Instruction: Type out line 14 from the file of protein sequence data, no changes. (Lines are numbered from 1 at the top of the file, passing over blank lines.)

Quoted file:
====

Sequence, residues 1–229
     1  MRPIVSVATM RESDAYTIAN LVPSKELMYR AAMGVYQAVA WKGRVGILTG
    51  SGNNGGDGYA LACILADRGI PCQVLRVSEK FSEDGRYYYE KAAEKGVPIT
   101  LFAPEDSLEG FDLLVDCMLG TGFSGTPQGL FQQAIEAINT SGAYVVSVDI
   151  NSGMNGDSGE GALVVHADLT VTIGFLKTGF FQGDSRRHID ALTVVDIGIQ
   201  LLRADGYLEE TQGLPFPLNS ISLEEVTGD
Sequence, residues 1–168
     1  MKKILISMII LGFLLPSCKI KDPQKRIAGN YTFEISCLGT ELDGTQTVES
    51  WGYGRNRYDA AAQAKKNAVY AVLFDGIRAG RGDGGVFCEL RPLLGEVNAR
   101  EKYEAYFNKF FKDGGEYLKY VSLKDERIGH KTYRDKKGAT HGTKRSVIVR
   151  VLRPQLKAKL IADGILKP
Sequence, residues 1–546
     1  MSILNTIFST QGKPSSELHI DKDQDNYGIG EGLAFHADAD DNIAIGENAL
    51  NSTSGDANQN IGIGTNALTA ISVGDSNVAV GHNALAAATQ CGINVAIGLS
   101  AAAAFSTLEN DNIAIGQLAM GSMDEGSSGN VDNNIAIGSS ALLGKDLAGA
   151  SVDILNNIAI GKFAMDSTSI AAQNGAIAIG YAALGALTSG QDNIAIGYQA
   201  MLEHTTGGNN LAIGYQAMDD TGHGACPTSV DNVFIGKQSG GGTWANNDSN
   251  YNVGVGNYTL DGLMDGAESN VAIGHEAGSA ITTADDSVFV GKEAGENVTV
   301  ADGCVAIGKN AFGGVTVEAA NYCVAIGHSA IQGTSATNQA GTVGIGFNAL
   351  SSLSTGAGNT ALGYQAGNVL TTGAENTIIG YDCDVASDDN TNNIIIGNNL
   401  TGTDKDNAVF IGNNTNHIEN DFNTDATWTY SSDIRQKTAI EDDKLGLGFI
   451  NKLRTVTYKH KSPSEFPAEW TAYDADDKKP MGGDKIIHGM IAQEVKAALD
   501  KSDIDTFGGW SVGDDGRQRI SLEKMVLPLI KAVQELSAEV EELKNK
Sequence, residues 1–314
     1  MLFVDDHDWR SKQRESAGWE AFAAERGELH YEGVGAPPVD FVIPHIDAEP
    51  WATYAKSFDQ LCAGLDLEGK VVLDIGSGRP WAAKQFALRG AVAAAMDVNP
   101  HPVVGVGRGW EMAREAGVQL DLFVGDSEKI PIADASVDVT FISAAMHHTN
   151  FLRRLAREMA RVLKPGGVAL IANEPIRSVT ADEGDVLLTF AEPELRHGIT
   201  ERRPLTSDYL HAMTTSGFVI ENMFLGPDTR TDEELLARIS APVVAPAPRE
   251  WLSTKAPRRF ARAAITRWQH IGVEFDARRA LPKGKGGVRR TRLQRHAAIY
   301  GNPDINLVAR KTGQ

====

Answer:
    51  NSTSGDANQN IGIGTNALTA ISVGDSNVAV GHNALAAATQ CGINVAIGLS